On the contrary, it was envisioned that Plug Compatible Manufacturers (PCM) could target APL for peripherals or memory units and measures were considered to counteract their entrance on the APL products both in hardware, in software and in maintenance. Channel compatibility and device interface compatibility were excluded that reason. Later, Honeywell experience made the engineers changing -- somewhat- their mind at this subject.

Weaknesses of the Plan

No Manufacturing plan was actually established. An unwritten assumption was that each country would manufacture the systems they design, while some double- sourcing was envisioned.

The Shangri-La meeting was not very fruitful in the domains of technology: GE had expressed that they would buy it instead of making it and participants had extremely erroneous forecasts when they did not predict the advent of semi-conductor memories. Shop costs computed at that time showed to be accurate a few years later, but memory sizes were widely underestimated and led to some errors in software future design. The meeting also underestimated the importance of transaction processing and completely failed to predict the advent of personal computers.

The evolution toward distribution in departmental systems, and multi-vendors' systems was not identified at that time as part of the market requirements. The identified sources of business were the replacement of existing systems and new applications. The important revolution what was emerging i.e., the evolution from batch processing to on-line processing was not given enough attention especially in the low-end.


Shangri-La Follow-on

The main cause of inefficiency during the meeting was due to the parochialism of the participants which was generally encouraged by their hierarchical management because it was assumed that manufacturing was the major source of profitability and that it had to be closely located near the engineering.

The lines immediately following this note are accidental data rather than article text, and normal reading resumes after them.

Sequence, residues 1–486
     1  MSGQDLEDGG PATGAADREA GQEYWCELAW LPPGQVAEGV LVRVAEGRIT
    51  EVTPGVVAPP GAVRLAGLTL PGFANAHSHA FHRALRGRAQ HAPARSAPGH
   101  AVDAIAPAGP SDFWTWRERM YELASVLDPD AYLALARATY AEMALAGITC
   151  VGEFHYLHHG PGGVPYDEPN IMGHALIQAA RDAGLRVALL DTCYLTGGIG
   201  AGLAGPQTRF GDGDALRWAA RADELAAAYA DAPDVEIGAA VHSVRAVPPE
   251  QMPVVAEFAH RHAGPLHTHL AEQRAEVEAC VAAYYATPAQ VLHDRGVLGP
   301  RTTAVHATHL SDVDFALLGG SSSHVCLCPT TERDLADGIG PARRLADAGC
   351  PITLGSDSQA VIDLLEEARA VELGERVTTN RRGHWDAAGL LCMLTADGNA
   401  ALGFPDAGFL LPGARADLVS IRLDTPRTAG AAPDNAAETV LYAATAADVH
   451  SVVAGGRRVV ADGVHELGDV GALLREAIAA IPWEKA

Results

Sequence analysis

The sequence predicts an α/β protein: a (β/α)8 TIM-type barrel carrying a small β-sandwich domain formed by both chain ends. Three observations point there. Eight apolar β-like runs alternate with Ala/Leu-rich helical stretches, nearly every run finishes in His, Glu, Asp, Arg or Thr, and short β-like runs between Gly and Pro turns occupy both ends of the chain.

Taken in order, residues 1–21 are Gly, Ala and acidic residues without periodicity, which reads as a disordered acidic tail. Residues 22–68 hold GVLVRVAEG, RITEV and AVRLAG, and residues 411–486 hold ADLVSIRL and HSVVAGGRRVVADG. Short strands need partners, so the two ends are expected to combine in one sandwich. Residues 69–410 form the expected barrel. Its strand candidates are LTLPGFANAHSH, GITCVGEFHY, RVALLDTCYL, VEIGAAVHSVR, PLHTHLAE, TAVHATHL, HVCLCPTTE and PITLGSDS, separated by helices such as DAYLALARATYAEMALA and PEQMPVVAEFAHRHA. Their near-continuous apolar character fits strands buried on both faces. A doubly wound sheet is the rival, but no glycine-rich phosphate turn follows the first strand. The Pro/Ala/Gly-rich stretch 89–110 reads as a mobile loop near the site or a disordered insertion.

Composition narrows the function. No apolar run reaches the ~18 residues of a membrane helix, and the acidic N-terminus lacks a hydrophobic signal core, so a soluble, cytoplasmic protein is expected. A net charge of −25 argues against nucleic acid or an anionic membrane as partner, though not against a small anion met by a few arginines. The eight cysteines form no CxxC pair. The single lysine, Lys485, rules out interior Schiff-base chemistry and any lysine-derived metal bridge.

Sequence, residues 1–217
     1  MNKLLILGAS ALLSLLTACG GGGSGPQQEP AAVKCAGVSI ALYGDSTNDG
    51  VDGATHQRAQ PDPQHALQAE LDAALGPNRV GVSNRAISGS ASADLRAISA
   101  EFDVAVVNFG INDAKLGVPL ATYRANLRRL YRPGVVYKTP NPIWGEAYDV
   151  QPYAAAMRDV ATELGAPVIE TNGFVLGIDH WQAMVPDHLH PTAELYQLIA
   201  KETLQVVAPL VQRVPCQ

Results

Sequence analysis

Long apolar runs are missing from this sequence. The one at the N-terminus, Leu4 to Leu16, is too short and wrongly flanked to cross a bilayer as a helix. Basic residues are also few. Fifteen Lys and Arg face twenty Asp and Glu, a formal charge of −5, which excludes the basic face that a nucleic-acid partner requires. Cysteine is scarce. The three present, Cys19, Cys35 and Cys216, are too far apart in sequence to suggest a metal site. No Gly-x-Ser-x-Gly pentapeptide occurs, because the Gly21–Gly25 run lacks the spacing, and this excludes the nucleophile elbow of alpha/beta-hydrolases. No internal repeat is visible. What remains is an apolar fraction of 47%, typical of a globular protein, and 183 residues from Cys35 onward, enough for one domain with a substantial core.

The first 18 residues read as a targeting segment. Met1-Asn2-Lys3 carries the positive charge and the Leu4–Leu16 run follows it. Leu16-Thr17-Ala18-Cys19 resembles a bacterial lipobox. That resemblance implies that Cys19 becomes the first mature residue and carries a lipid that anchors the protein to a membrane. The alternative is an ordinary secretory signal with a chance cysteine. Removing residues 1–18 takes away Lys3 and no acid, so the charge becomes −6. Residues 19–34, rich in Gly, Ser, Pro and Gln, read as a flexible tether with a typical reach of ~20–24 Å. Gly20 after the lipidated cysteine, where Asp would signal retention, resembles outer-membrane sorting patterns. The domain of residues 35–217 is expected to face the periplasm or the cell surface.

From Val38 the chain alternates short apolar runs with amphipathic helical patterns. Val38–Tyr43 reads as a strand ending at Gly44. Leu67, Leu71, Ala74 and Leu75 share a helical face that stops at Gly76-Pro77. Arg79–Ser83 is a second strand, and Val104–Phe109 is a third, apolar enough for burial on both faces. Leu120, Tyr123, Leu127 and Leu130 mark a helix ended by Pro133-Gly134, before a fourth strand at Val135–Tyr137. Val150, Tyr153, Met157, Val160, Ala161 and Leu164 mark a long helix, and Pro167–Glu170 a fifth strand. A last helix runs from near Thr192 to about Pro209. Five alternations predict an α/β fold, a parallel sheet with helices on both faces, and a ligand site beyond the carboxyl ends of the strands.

It was understood that R.BLOCH intended to build a new engineering organization in a new location, i.e., BRIDGEPORT Conn. and that selected participants will have to move there and some will have to expatriate. As almost all participants did not intend to start from scratch their professional --and sometimes personal life, so there was a considerable reluctance to follow a person who never imposed himself as a charismatic leader.

Just after Shangri-La, Bull reorganized its engineering to be able to take a strong position in the incoming bargaining.

  • Marc BOURIN  took over both Engineering and Planning for the future Medium Systems machine, replacing Pierre DAVOUS

    bourin.gif (4970 octets)
    Marc Bourin

  • Thierry CHAIN took responsibility of Software, replacing Jean Paul BOSS.

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    Thierry Chain

  • Hardware Development was then split between Christian JOLY for technology and implementation
  • and Georges LEPICARD for system design.
  • André RIVIERE was named in charge of Marketing and Planning.
  • Product Planning itself was under the responsibility of Jean-Philippe BECKER assisted by Jacqueline VIDAL, and Lucien NEGRE.

During the period of November 1969 to April 1970, each organization was continuing work on its own part of the project. A relatively weak coordination was held in Bridgeport under the authority of Robin KERR for interior decor and software and Al CONOVER for hardware and product planning.

A commonalty with IBM S/360 I/O at channel- program software level was studied at that time to evaluate an S/360 emulation. The general specification of the PSI channel was specified and particularly its radial configuration as opposed to the multi-drop IBM channel.

Bull performed an analysis of a paging architecture in measuring the sensibility of the operation of IBM OS/MVT running under CP67 on the Grenoble University 360/67. It should be remembered that main memories were still extremely small and that it was requested to operate a full functionality operating system on 64KB, and there was even a proposal to run such an OS -- with paging, into a 4KB memory for the low-end "A" system!



Révision : 19 février 2002.